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ARS Home » Plains Area » Fort Collins, Colorado » Center for Agricultural Resources Research » Rangeland Resources & Systems Research » Research » Publications at this Location » Publication #399433

Research Project: Adaptive Grazing Management and Decision Support to Enhance Ecosystem Services in the Western Great Plains

Location: Rangeland Resources & Systems Research

Title: Droughting a megadrought: Ecological consequences of a decade of experimental drought atop aridification on the Colorado Plateau

Author
item FINGER-HIGGENS, REBECCA - US GEOLOGICAL SURVEY
item BISHOP, TARA - US GEOLOGICAL SURVEY
item BELNAP, JAYNE - US GEOLOGICAL SURVEY
item GELGER, ERIKA - US GEOLOGICAL SURVEY
item GROTE, EDMUND - US GEOLOGICAL SURVEY
item Hoover, David
item REED, SASHA - US GEOLOGICAL SURVEY
item DUNIWAY, MICHAEL - US GEOLOGICAL SURVEY

Submitted to: Global Change Biology
Publication Type: Peer Reviewed Journal
Publication Acceptance Date: 2/20/2023
Publication Date: 3/15/2023
Citation: Finger-Higgens, R., Bishop, T., Belnap, J., Gelger, E., Grote, E., Hoover, D.L., Reed, S., Duniway, M. 2023. Droughting a megadrought: Ecological consequences of a decade of experimental drought atop aridification on the Colorado Plateau. Global Change Biology. Article gcb.16681. https://doi.org/10.1111/gcb.16681.
DOI: https://doi.org/10.1111/gcb.16681

Interpretive Summary: Drylands are threated by climate change through increased aridifcation and drought. In this study, we imposed experimental droughts over a decade across diverse rangeland communities of the Colorado Plateau to explore the impacts on plants, soils, and nutrient availability. An ongoing megadrought in the region compounded these experimental effects, leading to large declines in all plant types. Natural and experimental drought also lead to increased nitrogen availability, which could help facilitate plant recovery from drought. These results highlight the complex ecosystem responses to drought in dryland ecosystems.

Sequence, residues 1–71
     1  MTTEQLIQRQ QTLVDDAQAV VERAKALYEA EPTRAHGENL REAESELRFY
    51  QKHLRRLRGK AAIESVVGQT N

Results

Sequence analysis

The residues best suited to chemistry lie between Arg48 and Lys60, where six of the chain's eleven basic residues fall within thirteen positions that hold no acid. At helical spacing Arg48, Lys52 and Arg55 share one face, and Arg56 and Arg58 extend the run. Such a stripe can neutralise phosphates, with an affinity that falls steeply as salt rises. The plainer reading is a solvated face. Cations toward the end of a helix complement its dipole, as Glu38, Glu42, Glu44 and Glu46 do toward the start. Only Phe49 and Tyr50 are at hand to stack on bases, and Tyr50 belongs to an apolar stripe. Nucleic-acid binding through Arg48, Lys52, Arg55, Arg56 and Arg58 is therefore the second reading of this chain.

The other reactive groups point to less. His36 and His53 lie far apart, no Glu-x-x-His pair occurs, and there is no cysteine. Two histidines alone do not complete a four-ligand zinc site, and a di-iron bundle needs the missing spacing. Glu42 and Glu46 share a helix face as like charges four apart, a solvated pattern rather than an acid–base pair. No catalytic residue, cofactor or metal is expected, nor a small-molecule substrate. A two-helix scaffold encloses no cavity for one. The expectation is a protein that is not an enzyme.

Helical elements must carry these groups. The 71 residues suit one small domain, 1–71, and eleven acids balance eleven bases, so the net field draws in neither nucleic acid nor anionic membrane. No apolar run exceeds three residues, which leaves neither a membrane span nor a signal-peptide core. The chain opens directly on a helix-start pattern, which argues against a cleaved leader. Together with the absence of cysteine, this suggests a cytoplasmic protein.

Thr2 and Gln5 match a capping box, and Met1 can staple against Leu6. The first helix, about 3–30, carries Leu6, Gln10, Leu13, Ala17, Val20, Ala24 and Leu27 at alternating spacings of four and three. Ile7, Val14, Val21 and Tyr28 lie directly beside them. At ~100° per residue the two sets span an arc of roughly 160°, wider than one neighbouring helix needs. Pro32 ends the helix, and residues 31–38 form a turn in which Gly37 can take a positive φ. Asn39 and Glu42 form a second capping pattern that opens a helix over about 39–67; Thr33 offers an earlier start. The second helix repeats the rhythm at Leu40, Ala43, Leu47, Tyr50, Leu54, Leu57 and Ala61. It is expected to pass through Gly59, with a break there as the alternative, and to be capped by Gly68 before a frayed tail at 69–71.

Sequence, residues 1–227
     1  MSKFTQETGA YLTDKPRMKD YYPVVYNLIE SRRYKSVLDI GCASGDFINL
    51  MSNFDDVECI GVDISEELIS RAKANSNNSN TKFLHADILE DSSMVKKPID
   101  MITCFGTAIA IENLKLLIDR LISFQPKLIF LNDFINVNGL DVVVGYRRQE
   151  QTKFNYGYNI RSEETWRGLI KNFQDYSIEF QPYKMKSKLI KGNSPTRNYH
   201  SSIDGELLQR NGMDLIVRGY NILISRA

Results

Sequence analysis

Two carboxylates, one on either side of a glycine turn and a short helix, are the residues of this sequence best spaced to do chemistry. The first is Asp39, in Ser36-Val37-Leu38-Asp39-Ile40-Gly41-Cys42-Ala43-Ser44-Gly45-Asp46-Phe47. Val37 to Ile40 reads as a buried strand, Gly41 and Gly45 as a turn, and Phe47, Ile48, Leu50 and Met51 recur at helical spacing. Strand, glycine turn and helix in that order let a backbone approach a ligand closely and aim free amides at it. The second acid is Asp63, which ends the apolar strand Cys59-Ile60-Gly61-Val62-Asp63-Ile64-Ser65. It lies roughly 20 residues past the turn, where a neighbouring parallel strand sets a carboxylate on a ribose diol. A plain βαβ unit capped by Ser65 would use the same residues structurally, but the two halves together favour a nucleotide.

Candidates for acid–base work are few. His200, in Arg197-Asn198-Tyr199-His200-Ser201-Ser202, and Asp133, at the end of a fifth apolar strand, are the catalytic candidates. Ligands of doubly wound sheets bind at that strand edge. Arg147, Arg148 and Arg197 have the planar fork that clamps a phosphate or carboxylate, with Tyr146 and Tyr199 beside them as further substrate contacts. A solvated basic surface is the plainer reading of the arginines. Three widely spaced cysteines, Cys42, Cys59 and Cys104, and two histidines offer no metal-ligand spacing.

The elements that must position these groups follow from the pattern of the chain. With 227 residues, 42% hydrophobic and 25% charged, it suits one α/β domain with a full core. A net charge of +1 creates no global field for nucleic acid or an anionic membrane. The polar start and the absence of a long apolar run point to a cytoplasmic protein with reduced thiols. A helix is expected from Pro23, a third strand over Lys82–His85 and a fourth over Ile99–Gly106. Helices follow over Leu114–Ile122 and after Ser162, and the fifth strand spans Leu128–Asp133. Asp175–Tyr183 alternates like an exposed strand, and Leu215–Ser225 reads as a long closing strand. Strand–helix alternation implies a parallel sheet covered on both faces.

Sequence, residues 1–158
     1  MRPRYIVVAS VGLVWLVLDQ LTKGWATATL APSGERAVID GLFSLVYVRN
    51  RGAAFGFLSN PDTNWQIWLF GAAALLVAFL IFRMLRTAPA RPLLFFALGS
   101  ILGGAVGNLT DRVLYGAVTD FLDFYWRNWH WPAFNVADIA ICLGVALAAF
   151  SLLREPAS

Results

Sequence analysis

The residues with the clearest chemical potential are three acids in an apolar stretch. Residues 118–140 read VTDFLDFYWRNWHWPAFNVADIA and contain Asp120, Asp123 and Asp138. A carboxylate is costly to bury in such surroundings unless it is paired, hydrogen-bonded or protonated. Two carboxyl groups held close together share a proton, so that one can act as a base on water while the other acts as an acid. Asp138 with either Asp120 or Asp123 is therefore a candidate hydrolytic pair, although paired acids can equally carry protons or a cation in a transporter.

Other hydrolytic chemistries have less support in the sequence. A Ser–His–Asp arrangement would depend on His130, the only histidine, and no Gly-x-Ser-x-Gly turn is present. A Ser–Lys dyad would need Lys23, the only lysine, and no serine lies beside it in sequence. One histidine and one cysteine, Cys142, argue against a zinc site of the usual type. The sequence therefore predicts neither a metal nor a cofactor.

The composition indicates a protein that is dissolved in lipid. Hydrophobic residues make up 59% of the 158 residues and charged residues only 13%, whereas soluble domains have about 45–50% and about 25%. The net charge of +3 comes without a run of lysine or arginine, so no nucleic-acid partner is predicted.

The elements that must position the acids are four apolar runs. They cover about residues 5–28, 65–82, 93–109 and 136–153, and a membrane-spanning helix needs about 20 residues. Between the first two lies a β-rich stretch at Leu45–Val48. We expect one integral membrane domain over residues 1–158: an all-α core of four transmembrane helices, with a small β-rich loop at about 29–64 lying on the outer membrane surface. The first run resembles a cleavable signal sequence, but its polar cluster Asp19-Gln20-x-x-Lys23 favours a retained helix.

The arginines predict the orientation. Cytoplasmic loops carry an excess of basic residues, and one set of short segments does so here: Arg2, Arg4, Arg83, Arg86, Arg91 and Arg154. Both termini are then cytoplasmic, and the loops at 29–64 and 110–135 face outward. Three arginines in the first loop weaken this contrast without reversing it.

Technical Abstract: The stability of global dryland vegetation communities remains unclear as ongoing drought conditions shift regional climates towards a more arid future. Dryland aridification can impact plant and ground cover, biogeochemical cycles, and plant-soil feedbacks, yet it remains unclear how and when crucial ecosystem components will respond to drought intensification. Using a long-term precipitation reduction experiment (30% reduction) conducted across the Colorado Plateau and spanning ten years into a regional megadrought, we explored how vegetation cover, soil conditions, and growing season nitrogen (N) availability are impacted by multifaceted drying climate conditions. Likely due to ongoing regional megadrought conditions, we observed large declines for all dominant plant functional types (C3 and C4 grasses and C3 and C4 shrubs) across measurement period, both in the drought treatment and control plots. In experimental drought plots, we observed less plant cover, less biological soil crust cover, warmer and drier soil conditions, and more soil N compared to the control plots. Observed increases in soil N availability were best explained by a negative correlation with plant cover regardless of treatment, suggesting that declines in vegetation N uptake may be driving increases in available soil N. In fluctuating drought conditions, this could lead to times when increased soil resources sustain post-drought recovery. However, in ecosystems experiencing long-term aridification, increased N availability may ultimately result in N losses if soil moisture is consistently too dry to support plant and microbial N immobilization and ecosystem recovery. These results show dramatic, worrisome declines in plant cover with long-term drought. Additionally, this study highlights that more plant cover losses are possible with further drought intensification, and underscore that, in addition to large drought effects on aboveground communities, drying trends drive significant changes to critical soil resources such as N availability, all of which could have long-term ecosystem impacts for dryland ecosystems.